"Hey kiddo, what's up?" Disa asked, sitting down on the nearest exam table while Phong ran a sample of Enzo's code through the scanner. Enzo didn't appreciate being called 'kiddo' by someone only a few hours older than him, but it wasn't like complaining ever made people stop. In fact, in all of Mainframe the only person who didn't treat him like a kid was Daemon. In the game, she had treated him like an ally, not just some annoying kid getting in the way. Then again, maybe it was just because she was new. Perhaps, given time, she would treat him like all the others did. But he hoped not.
"Nothing," he said. "I got hurt in the game."
"Too bad," Disa said. "I wish I could have been in there helping."
Enzo shook his head. "Trust me, you really don't."
He was spared further conversation when Phong came back with the test results.
"Perfectly fine," Phong said. "I simply wanted to be sure you were all right, Enzo. The undeleted are animated by a viral bug. Their bite can sometimes transmit the bug into a processing being."
"So...I could have become one of those things?" Enzo asked.
Phong nodded gravely. "But luckily you are not infected. If the bug was transmitted at all, it infected your ReBoot only and departed with the rest of the game data. Your code is clean."
"Cool, see ya!" Enzo hurried out before Phong or Disa could say anything else. The idea of turning into a zombie scared the dell out of him, but the last thing he needed was for them to see that. Already once word of the possibility spread, people would think he was even more helpless than they had already assumed. Dot would probably insist that he never go into a game again. It wasn't his fault that thing bit him, but that wouldn't make any difference to his sister.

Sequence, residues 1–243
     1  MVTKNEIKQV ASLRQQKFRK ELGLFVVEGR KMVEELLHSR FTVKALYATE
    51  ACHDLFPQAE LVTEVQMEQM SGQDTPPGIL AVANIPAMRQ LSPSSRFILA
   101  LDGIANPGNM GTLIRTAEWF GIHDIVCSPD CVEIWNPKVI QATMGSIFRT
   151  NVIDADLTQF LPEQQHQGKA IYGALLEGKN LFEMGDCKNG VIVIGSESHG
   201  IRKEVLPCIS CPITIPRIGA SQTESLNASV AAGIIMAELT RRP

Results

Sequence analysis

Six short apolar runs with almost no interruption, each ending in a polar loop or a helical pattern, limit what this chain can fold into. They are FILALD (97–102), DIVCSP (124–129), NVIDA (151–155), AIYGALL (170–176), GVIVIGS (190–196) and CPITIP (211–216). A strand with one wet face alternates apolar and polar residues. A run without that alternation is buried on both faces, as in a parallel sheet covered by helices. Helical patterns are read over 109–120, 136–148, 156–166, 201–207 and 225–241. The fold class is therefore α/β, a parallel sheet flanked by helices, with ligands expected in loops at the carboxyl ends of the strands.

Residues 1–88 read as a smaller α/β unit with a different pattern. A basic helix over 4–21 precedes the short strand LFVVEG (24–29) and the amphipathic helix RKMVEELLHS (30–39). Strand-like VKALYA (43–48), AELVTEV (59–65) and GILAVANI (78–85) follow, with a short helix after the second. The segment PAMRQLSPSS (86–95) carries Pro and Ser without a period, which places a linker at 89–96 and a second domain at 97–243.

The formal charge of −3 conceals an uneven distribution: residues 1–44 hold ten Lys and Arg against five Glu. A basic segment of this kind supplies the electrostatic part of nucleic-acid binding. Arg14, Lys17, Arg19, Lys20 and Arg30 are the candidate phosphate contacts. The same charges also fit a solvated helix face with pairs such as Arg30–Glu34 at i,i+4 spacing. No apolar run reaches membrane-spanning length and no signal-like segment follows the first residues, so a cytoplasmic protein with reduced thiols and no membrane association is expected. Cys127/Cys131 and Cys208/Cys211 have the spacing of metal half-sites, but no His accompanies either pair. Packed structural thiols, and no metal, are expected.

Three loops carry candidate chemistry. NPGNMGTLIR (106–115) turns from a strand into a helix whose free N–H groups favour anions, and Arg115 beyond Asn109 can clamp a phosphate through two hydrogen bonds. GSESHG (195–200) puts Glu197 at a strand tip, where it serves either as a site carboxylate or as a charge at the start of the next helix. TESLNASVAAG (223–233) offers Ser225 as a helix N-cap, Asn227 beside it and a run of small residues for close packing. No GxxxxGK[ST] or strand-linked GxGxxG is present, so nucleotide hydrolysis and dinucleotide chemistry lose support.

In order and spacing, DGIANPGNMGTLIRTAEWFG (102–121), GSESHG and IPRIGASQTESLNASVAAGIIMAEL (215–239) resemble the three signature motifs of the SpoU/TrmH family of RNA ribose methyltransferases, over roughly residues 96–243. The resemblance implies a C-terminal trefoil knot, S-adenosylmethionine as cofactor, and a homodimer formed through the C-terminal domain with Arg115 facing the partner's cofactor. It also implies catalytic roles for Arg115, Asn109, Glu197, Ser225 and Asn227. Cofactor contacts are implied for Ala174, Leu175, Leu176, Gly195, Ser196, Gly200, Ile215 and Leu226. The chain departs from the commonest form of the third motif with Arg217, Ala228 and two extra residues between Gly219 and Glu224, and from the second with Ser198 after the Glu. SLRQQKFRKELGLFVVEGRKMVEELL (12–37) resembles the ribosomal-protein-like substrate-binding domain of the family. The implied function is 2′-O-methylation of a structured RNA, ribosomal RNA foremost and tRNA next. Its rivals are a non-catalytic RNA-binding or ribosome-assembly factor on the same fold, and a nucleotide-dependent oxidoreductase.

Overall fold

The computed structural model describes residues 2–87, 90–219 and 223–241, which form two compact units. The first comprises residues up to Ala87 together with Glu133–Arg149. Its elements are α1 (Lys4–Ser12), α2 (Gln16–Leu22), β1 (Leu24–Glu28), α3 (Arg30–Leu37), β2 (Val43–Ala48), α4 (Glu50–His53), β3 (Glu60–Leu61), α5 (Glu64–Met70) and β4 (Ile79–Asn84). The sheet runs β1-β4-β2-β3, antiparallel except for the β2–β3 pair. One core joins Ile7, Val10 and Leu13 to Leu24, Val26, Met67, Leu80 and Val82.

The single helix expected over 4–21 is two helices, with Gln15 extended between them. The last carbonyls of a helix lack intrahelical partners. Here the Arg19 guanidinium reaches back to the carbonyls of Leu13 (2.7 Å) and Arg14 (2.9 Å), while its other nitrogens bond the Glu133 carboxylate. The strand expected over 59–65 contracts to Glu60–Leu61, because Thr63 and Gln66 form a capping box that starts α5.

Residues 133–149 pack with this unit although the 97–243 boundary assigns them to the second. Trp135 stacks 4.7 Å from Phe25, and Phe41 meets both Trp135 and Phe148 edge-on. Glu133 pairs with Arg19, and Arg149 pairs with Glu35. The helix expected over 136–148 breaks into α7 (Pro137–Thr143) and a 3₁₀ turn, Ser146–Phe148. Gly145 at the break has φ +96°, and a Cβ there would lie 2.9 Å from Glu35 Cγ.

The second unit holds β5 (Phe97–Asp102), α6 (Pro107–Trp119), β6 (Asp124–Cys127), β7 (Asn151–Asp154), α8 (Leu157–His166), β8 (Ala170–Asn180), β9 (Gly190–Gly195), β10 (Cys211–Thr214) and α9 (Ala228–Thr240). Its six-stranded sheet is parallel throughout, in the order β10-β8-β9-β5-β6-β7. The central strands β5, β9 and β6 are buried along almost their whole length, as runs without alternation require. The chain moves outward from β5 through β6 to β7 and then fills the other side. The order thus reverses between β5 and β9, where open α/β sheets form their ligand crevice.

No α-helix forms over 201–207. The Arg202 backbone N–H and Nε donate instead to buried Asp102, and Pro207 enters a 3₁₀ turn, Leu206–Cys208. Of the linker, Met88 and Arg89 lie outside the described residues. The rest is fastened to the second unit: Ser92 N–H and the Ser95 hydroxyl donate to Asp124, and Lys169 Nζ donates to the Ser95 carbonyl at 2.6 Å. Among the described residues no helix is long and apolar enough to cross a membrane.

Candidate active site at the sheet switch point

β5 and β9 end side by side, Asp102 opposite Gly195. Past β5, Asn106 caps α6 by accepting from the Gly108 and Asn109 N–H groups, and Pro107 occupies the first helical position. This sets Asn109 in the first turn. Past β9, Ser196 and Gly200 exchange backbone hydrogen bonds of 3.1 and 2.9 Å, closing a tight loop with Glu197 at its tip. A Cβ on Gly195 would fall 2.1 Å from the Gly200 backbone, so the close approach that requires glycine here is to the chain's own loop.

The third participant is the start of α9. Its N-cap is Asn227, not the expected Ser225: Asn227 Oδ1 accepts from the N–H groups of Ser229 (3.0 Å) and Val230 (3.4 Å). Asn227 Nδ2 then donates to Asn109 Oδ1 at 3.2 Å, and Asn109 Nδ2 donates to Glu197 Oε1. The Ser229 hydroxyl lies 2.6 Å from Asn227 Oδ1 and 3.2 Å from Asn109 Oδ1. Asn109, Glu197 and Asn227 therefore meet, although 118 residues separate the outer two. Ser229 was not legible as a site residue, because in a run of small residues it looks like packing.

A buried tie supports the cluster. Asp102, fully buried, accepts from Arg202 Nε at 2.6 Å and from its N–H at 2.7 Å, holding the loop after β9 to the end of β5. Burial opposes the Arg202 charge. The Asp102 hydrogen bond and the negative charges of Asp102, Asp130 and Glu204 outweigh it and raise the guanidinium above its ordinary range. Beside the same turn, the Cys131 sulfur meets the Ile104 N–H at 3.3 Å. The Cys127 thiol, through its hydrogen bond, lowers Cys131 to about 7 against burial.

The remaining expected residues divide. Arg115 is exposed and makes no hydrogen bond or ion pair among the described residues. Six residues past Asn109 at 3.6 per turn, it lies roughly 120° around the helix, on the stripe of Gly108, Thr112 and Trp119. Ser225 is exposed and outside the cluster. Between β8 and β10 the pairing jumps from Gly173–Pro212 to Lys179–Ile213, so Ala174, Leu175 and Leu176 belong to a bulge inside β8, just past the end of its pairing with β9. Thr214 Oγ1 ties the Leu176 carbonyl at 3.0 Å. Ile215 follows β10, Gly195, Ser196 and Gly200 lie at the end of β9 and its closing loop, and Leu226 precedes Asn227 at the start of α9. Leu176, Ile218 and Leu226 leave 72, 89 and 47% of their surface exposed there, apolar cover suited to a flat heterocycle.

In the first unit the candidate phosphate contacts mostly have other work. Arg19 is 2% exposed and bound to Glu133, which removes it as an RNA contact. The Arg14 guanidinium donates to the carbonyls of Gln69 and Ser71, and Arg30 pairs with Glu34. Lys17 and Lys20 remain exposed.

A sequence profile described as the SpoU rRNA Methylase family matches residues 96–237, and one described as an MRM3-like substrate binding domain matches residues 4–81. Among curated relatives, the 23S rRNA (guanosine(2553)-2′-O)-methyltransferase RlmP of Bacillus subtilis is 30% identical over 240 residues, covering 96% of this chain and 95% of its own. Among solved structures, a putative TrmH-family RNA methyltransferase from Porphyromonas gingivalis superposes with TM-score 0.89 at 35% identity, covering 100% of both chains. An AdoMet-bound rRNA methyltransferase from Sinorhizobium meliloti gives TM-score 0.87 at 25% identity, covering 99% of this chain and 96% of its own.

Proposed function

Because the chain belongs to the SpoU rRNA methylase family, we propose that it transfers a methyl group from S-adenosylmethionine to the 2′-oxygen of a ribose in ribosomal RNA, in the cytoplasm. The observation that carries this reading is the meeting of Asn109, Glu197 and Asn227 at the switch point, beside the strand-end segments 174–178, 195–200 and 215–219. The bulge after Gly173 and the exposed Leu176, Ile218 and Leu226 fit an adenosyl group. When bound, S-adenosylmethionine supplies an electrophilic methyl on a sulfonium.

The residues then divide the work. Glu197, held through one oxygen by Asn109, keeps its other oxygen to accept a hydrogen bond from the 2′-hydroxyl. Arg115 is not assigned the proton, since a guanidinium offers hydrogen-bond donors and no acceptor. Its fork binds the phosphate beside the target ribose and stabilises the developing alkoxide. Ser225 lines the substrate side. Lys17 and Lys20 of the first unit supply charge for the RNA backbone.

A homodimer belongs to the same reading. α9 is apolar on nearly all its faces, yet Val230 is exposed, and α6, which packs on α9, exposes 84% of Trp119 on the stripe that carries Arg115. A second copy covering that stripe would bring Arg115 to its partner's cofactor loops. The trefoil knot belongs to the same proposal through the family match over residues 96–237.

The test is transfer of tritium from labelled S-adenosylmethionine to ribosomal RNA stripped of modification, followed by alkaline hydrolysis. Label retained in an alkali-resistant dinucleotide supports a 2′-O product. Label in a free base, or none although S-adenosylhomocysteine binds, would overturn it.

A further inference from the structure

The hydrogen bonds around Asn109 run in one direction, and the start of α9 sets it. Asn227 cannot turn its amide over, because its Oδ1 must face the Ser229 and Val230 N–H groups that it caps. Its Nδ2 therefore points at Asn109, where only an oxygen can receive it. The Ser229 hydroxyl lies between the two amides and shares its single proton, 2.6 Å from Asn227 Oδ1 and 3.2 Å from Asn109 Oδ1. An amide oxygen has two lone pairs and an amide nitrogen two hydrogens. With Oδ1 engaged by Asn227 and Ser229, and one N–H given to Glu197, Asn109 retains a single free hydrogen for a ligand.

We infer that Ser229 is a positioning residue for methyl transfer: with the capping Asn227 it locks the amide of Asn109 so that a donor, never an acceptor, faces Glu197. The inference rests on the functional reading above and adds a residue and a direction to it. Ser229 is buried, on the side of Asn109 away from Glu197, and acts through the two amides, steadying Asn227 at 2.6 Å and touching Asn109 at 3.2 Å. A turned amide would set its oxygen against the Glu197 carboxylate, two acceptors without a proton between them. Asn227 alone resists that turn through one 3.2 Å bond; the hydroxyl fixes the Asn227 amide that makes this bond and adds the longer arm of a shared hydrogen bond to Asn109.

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The Super Virus known as Daemon rarely slept. Thanks to her massive and self-replicating reserves of viral energy, she needed only a fraction of the amount of downtime that Sprites and lesser Viruses required. However, at times like this, when her energies were taxed with repairing massive damage to her bitmap, she could sleep for seconds at a time. And as she slept, like all intelligent subroutines, she dreamed.
She was young; a frail, lonely girl in a system tearing itself apart. Everywhere, Sprites ran for safety, trying to find a way out of the dying system. Parents held their children tight, so as not to lose them in the tide of refugees. But no one held her; or even noticed her presence. There was no one who cared for her, and there never had been from the moment she was compiled 1.3 hours previous. She didn't even have a filename. She had always had to care for herself, and now it was up to her to save herself before her home crashed. But she was running out of time.
The mass of refugees wound its way up to the Principal Office, pulling her along in its tide. On the steps of the P.O. huge search engines were loading as many passengers as they could - likely more than was safe - before taking off through the open port to safety in the Net. But space on the remaining engines was running out, and the hard truth was dawning on the CPUs at the head of the line. Not everyone would make it out; some would have to be left behind.